If you violated the terms of your parole, it is possible that you could be ordered to serve time in residential confinement. On the surface, this is definitely a preferable option to being sent back to a Nevada jail or prison, but keep in mind that the confinement comes with strict requirements you must adhere to at all times.
According to NRS 213.15193, a parolee who violates the terms of their parole could be ordered to serve time in residential confinement. However, this option is typically only available to non-violent offenders since one of the statutory requirements is that do not pose any danger to the community.
Pursuant to NRS 213.15193, there are two main requirements when you are ordered to serve time under residential confinement. The specific statutory language is as follows:
In ordering the residential confinement of a parolee, the Chief shall:
(a)Require the parolee to be confined to his or her residence during the time the parolee is away from his or her employment, community service or other activity authorized by the Division; and
(b)Require intensive supervision of the parolee, including, without limitation, unannounced visits to his or her residence or other locations where the parolee is expected to be to determine whether the parolee is complying with the terms of his or her confinement.
Nick Wooldridge has a long track record of representing clients accused of serious federal and state crimes in Nevada.
According to NRS 213.15193, parolees, who are eligible for residential confinement, have to be supervised with the electronic device, to monitor their whereabouts, without being intrusive of their privacy. The device can record, transmit information, send still visual images, record crime scene or prohibited area. However, the device must not do two things pursuant NRS 213.15193 section (3) below:
(a)Oral or wire communications or any auditory sound; or
(b)Information concerning the activities of the parolee,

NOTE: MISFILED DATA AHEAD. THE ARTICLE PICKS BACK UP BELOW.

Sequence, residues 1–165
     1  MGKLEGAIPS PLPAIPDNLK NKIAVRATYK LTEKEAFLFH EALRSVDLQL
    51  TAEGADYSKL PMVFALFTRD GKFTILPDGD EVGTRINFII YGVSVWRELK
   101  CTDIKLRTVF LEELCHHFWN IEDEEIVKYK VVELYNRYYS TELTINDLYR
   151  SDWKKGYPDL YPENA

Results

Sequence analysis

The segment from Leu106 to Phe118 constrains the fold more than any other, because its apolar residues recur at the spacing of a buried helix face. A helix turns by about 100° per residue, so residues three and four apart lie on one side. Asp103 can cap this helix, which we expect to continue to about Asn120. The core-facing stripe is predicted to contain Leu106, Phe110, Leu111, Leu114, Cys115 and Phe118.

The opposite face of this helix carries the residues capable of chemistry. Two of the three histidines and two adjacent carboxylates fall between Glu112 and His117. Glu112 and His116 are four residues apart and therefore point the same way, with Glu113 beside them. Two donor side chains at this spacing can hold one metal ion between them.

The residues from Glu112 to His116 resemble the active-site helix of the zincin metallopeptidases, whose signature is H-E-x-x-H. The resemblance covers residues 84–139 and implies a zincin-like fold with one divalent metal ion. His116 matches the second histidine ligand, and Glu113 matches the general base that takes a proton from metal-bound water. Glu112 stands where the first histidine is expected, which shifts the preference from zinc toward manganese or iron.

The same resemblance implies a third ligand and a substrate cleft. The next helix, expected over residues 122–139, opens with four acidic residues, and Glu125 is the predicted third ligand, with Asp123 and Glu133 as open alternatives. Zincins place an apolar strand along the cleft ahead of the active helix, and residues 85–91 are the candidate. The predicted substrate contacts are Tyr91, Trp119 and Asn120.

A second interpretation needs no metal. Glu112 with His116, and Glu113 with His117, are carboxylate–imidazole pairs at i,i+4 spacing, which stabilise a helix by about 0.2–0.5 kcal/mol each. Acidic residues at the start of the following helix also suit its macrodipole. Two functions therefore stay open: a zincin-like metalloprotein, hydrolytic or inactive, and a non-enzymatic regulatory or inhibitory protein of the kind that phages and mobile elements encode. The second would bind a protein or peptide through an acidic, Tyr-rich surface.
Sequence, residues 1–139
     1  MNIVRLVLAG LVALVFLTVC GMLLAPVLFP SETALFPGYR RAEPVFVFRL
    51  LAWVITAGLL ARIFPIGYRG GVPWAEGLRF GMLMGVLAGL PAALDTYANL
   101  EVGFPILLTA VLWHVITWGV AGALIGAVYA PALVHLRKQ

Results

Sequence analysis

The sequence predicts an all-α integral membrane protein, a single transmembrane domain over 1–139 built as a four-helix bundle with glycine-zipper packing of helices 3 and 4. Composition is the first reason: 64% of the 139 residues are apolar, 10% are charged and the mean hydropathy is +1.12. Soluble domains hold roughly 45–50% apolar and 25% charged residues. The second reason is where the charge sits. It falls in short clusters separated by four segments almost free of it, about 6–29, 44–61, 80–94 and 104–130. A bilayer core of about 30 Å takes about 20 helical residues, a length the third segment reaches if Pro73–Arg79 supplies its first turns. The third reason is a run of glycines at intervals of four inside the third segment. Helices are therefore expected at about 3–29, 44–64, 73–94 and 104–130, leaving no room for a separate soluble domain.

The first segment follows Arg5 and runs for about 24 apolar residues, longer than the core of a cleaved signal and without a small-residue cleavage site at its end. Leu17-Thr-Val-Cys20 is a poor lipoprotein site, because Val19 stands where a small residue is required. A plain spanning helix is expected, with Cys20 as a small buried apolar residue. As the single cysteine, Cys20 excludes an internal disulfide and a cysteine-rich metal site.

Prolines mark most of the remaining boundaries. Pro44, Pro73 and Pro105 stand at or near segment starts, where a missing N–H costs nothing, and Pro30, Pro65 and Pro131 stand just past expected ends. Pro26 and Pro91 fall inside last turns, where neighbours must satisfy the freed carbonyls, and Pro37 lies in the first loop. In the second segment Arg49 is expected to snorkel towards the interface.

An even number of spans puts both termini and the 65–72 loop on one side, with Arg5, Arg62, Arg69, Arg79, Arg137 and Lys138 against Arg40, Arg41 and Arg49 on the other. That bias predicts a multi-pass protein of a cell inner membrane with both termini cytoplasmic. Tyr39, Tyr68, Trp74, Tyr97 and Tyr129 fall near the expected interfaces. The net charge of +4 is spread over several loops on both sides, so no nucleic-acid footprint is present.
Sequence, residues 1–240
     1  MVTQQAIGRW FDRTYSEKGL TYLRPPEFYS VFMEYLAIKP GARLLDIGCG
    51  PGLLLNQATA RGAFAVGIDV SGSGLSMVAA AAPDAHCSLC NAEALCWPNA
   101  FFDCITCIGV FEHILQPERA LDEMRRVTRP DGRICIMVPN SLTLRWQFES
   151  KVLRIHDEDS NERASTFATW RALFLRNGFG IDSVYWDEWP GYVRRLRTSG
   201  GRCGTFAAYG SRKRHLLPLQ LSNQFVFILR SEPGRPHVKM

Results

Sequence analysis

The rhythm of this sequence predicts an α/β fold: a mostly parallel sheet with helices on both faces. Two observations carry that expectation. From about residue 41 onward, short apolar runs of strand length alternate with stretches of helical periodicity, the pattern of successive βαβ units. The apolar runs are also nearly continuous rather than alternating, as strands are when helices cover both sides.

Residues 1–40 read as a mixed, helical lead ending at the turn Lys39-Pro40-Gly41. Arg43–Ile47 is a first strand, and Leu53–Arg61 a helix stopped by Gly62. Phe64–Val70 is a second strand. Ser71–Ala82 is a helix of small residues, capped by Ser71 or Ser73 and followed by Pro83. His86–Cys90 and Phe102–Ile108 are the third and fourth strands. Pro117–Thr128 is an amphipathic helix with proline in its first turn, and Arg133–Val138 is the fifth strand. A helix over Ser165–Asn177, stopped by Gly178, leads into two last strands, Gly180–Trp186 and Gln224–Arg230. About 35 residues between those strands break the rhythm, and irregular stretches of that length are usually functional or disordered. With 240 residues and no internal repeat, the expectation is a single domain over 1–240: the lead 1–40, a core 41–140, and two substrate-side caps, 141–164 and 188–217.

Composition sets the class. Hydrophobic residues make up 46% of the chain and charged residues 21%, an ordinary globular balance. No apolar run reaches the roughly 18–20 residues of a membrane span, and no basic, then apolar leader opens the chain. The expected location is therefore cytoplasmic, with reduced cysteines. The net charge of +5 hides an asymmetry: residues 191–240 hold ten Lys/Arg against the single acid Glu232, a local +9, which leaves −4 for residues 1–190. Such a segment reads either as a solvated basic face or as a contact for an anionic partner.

What is Chief Limitation towards Parolee Resident Confinement under Nevada Law?
According to NRS 213.15193, the chief cannot place a parolee under resident confinement if they have not agreed to the order. Therefore, the chief can only proceed with the home confinement after the parolee’s consent of the decision.
When I initially met with Mr. Wooldridge, he took the opportunity to sit and go over my problem with me. He described details in my case which he found disturbing and explained why he I should have him on my side.
According to NRS 213.15193, any residential confinement should never go beyond unexpired maximum term of the original sentence given to the parolee.
As mentioned earlier, someone can only be eligible for residential confinement if they do not pose a risk to public safety. The Nevada legislature determined that, as a general rule, someone convicted of battery poses a safety risk and included a provision within NRS 213.15193 prohibiting battery convicts from being placed under residential confinement. Here is the specific statutory language:
The Chief shall not order a parolee who is serving a sentence for committing a battery which constitutes domestic violence pursuant to NRS 33.018 to be placed in residential confinement unless the Chief makes a finding that the parolee is not likely to pose a threat to the victim of the battery.
According to NRS 213.15198, the privilege of resident confinement may be terminated by the Chief Parole and Probation Officer if the parolee violates the given conditions or becomes a threat to the community. The Parolee may be taken to a County Jail, awaiting for an inquiry about the violation.
If you or a loved one is being accused of violating the terms of your residential confinement, speak to an experienced Las Vegas criminal defense lawyer with our firm today.